Report: Taylor Swift concerts a $140M boost to Colorado economy
(The Center Square) – Taylor Swift's two upcoming Denver concerts will add an estimated $140 million in gross domestic product to the state's economy, a new report says.
Swift’s sold out shows at the 76,000-seat Empower Field July 14-15 are projected to generate $201.7 million in direct consumer spending, according to the Common Sense Institute's report, which summarized existing analyses, estimates and studies measuring the economic impact of Swift’s concerts throughout the U.S.
“Following the conclusion of the concert, local data and analysis will become more readily available shedding light on the fully realized economic impacts of the event,” the report stated. “However, based on already available reporting, the impact of Taylor Swift’s upcoming Denver stop will be historic.”
The report estimates Swift’s Denver shows will generate $38 million in ticket sales. In comparison, Red Rock Amphitheater, outside of Denver, sold 1.5 million tickets to events and reported total sales of $60 million in all of 2022, according to Outsider.
CSI used an average ticket price of $250 to determine the revenue estimate. The report noted a verified secondary market ticketing platform listed the highest-priced ticket for the July 14 show at $12,157 and $8,270 for the July 15 show. The lowest-priced ticket was $990 for the first show and $1,064 for the second. Tickets originally ranged from $49 to $499.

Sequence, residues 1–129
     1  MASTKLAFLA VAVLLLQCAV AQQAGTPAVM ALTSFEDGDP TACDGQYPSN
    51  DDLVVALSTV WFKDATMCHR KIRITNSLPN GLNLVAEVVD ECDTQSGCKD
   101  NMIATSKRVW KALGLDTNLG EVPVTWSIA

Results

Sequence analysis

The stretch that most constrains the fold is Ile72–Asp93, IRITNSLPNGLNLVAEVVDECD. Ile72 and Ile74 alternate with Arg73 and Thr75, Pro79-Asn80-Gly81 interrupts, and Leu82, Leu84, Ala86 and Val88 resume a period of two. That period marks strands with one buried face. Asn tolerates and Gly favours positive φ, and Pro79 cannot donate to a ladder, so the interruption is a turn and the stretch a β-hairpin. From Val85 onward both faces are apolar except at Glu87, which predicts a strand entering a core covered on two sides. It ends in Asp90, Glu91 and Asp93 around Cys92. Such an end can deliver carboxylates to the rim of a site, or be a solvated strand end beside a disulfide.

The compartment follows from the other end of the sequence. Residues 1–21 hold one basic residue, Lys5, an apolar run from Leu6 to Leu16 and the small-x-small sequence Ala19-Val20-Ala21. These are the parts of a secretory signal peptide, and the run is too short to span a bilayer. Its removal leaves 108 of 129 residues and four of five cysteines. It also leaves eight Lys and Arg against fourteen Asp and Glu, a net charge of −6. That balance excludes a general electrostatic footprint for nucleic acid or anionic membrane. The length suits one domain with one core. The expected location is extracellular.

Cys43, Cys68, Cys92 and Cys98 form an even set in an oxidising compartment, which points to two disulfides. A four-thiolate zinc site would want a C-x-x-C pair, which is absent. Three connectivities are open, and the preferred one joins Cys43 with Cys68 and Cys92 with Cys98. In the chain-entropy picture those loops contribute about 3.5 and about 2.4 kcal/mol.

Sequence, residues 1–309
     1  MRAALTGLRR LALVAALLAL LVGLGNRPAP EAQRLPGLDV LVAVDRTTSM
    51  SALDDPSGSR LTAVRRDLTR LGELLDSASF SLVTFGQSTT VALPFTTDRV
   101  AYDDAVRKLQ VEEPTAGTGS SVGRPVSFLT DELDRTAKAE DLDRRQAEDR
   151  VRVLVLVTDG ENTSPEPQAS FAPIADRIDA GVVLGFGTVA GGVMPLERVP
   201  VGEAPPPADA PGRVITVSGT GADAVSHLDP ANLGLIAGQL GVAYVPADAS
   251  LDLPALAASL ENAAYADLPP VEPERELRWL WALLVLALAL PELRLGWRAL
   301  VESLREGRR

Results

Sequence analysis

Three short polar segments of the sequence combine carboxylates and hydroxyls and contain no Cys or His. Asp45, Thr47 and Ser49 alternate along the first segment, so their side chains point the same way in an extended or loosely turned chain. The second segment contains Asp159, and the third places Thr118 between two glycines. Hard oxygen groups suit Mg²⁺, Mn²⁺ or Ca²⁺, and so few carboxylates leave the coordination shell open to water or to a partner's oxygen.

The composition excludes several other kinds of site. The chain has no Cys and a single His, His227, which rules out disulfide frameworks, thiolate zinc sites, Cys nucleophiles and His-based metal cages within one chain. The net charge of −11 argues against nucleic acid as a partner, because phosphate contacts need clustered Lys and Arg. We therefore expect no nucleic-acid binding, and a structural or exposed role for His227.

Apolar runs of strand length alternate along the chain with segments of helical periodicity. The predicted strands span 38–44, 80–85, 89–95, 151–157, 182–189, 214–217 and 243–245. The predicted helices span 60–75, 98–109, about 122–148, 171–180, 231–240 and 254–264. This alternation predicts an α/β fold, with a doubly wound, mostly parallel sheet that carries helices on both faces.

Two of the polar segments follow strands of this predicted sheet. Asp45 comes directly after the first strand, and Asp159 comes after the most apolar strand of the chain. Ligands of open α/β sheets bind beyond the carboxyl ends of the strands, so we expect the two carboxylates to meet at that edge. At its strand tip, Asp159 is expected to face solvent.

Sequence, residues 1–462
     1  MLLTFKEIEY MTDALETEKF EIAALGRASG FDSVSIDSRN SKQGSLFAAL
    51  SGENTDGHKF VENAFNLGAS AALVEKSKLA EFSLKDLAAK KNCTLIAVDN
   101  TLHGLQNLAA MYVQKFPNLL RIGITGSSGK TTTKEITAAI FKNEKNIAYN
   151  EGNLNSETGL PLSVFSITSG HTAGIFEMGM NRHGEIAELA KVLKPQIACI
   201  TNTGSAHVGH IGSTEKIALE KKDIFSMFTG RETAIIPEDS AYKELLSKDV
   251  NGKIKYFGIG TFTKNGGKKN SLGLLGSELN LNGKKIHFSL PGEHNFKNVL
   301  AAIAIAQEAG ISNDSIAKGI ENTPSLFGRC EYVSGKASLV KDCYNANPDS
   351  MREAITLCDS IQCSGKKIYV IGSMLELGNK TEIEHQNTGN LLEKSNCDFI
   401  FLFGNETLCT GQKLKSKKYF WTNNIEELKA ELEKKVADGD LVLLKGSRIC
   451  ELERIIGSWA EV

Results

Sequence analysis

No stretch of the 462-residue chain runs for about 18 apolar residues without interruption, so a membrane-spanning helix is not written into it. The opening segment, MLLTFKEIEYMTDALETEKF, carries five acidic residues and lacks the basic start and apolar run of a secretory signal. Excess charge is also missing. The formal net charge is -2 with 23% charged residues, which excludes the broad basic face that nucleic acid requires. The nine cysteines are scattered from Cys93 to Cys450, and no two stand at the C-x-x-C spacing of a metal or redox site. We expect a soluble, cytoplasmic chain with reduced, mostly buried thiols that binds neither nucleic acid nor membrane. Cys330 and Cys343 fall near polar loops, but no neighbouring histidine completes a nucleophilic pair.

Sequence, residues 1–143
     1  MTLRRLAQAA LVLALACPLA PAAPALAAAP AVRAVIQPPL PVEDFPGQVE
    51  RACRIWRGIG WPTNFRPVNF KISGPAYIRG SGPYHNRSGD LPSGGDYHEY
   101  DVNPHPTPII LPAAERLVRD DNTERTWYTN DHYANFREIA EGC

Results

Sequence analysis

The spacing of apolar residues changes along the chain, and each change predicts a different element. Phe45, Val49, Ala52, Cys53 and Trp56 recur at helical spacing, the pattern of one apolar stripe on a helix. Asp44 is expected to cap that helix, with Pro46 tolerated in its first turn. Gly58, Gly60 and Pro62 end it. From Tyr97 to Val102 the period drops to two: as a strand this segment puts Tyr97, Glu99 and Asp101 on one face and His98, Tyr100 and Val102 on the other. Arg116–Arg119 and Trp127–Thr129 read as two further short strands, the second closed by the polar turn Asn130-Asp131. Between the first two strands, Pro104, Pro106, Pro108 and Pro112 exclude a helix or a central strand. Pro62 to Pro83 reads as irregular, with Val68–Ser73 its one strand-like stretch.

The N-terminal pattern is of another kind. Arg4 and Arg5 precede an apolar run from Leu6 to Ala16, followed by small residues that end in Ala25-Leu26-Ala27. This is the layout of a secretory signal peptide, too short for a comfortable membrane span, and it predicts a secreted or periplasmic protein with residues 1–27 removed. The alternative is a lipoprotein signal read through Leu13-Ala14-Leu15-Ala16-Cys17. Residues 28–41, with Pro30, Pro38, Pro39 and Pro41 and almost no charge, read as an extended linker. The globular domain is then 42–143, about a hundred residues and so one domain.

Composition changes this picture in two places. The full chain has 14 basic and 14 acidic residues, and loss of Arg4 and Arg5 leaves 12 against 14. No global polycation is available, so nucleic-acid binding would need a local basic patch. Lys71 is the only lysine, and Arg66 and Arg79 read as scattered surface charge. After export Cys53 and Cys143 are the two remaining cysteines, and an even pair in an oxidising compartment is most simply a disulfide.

The organization estimates a significant amount of the money won’t enter the state's economy as Swift, her promoters, managers and others will collect and spend outside the state. The report said some of the money “will be in the form of displaced spending, essentially, if it had not been spent at the Eras concerts, it would have been spent elsewhere in Denver.”
Research by QuestionPro found those attending Swift’s concerts in Detroit spent approximately $1,300 per show, and if that level of spending continued throughout Swift’s tour, it would generate an estimated $5 billion in economic impact, or “more than the gross domestic product of 50 countries.”
During Swift’s three shows in Chicago, the city’s marketing organization told Forbes the hotel occupancy rate was 96.8 percent, an all-time high record. City tourism organizations where Swift performed also reported significant consumer spending.